The Clean Indoor Air Act restricts smoking in many public settings, including municipal buildings, nursing homes, supermarkets, mass transit facilities, airports, public elevators, open meetings of government bodies, health and daycare facilities, and student dormitories.  G. L. c.270, §§21-22. Signs to restrict smoking in these areas are to be posted conspicuously.

Asbestos is defined as an air pollutant by the Department of Environmental Protection (DEP) and regulated by DEP and the Department of Public Health if it is in a “friable” condition, meaning capable of being blown around or otherwise dispersed. Provisions of the State Sanitary Code promulgated by DPH regulate the repair and removal of asbestos in residential settings. Asbestos removers must be licensed and meet specifications imposed by the Department of Labor and Industries (DLI).

DPH regulates persons who generate, transport, store, treat or dispose of low-level radioactive waste within the state, and regulates other radioactive hazards.  G. L. c.111H; c.111, §4F.

In 1979 Urea Formaldehyde Foam Insulation (UFFI) was banned for use in the state by the DPH under its authority to ban hazardous substances. G. L. c.94B, §2(a). There is a trust fund, funded by industries involved with UFFI (manufacturing, distribution, and installation), which landowners may utilize to pay for the removal of UFFI. Landlords or sellers of residential property must determine whether a dwelling contains UFFI and, if so, disclose this and the formaldehyde air levels to tenants, prospective tenants and buyers. Air testing is available at no cost from DPH.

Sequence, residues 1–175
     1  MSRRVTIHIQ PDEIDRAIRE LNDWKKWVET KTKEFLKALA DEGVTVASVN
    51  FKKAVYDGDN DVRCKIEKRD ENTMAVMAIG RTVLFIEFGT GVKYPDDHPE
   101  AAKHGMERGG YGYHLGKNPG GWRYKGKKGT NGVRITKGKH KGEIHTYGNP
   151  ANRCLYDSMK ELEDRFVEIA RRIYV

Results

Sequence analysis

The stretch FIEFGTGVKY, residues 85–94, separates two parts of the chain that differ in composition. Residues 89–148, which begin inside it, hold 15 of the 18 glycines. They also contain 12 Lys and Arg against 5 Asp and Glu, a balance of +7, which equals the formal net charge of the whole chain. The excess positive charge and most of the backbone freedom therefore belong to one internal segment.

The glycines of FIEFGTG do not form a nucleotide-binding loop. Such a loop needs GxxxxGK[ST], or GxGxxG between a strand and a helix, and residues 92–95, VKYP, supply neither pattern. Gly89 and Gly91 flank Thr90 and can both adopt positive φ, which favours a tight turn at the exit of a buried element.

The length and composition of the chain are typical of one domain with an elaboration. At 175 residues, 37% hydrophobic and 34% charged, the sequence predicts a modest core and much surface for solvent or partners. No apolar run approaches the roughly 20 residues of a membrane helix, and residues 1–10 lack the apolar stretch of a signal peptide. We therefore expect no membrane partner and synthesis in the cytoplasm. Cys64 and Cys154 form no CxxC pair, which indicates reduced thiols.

Underground tanks storing chemicals or petroleum products are regulated through the state's Underground Storage Tank Program, G.L. c.21 J.  DEP has issued regulations governing the design, installation, maintenance, monitoring, and removal of tanks, and administers some reimbursement programs to assist in meeting the costs associated with cleanup and removal or replacement of tanks.

Cities and towns may adopt tougher tank standards than state and federal regulations through adoption of ordinances and bylaws. Typically, these bylaws authorize a local board or agency, such as the board of health or the fire department, to conduct an inventory of tanks in the municipality, and require local registration of underground tanks. Several communities have required outright the replacement of older tanks after a specified period of years.

This brief survey touches only a few of the ways in which toxic chemicals are regulated. Their use and especially their misuse can cause adverse environmental impacts, damage to real property, and personal injury. We serve clients in this field whether they seek information, prevention, compliance, abatement, enforcement, money penalties, money damages, or other relief from the agencies or the courts.